Arts & Entertainment

Millstreet, the town that saw its Eurovision dream come true

Raúl Bobé and Javier Aja

Millstreet, Ireland/London, May 16 (EFE).- When Noel C. Duggan dreamed of hosting the 1993 Eurovision Song Contest at the equestrian arena of his Irish hometown, Millstreet, many said he was “crazy”. But his drive and ambition helped put the tiny town on the map and, for one night, was the center of European music.

In an interview with Efe, the 89-year-old businessman remembers how the idea was born while watching the 1992 contest with his family and had a hunch that Ireland, and Linda Martin, were going to win Eurovision that night — and it came true.

He decided to send a letter to the Irish government and RTE, Ireland’s public broadcaster, with a proposal to move the venue for Eurovision out of Dublin – which had already hosted it three times – to Millstreet, a “half-hidden” village in the southwest of the island that was looking for a rebirth after decades of emigration and poverty.

It took two months to receive a response. The same time it took to “stop laughing at such a ridiculous idea,” Duggan says.

While none of the locals themselves thought the feat was feasible, the entrepreneur “believed all the time” in the project and eventually convinced the rest of Millstreet’s “begrudgers with hold-fashioned ideas” that the town’s newly opened Green Glens Arena could indeed host Eurovision.

Duggan’s building was wide, but not tall enough to accommodate the “modernist” and “expensive” stage that RTE had commissioned. The whole plan was about to go down the drain.

Unable to raise the venue’s roof, Duggan came up with the alternative solution: to dig out the floor by a few feet so that the stage would be aligned with the seats.

For two-time Eurovision representative for Ireland, and winner in 1993, Niamh Kavanagh, explains to Efe that Millstreet was a “victory for everyone”, because it showed that it is possible to carry out a “fantastic and innovative” show in a very small, rural area.

Kavanagh says that the town and its surroundings were transformed for a week in to a “Eurovisionland” in a way that set it apart from other editions of the contest.

Millstreet, with just 1,500 inhabitants, was not able to accommodate the twenty-five participating delegations -a record at the time-, which had to be lodged in Killarney and other towns in County Kerry.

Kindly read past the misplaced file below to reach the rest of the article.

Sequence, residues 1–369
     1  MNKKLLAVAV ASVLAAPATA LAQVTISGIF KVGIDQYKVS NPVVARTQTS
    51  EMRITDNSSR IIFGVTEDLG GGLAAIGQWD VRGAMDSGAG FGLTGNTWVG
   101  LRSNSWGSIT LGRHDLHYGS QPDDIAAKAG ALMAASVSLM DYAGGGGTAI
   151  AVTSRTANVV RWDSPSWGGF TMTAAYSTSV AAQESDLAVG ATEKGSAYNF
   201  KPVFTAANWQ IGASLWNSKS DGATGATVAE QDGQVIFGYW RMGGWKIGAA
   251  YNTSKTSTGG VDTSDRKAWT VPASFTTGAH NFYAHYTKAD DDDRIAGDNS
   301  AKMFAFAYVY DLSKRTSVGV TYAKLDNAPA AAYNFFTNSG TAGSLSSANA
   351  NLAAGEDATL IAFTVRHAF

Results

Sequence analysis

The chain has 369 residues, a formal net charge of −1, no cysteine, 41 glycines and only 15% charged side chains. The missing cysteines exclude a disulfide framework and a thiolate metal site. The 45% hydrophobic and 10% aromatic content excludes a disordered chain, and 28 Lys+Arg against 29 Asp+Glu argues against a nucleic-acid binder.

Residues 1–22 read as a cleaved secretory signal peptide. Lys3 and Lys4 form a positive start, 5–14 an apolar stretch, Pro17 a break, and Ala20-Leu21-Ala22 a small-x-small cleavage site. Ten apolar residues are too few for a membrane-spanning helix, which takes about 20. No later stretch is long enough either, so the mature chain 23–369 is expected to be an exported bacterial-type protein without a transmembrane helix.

To get to Millstreet, Kavanagh says they had to travel 40 minutes by bus and, after the night of the final in which she won with “In Your Eyes”, they returned to the hotel sharing the vehicle with numerous fans, something that “wouldn’t have happened anywhere else”.

Irish journalist Fionnuala Sweeney also remembers “vividly” the evening of May 15, 1993, when at the age of 28 she took on the responsibility of presenting the Eurovision Song Contest alone, a show followed by more than 300 million people worldwide.

She tells Efe that she was “very nervous” during the ceremony, since the final dress rehearsal for the gala “was a disaster”, and she didn’t even dare to change her dress for fear of “ruining” things even more.

Voting is like the “holy grail” of Eurovision, according to Kavanagh, and Sweeney kept her fingers crossed that everything would go smoothly during the 1993 vote, and that all countries would respond on the other side of the line with their scores.

Bosnia and Herzegovina, which was going through a difficult war, made its Eurovision debut that year with one of the most tense moments of the gala.

“If there was one country that we thought we wouldn’t be able to literally connect, it was Bosnia and Herzegovina. And you could hear a pin drop (…) and for 30 seconds the whole audience was absolutely quiet and after we heard a crackle on the line and they said: Good evening. And it was just… fantastic to hear it,” says Sweeney.

Duggan, who describes himself as a “music lover”, was not fully able to enjoy the night until it came to an end, as he feared that if it rained leaks would pool on the venue’s stage.

“When the winner was announced, I jumped up and down and I think I even punched the prime minister,” laughs Duggan, who at the time thought, “Mission accomplished.” EFE


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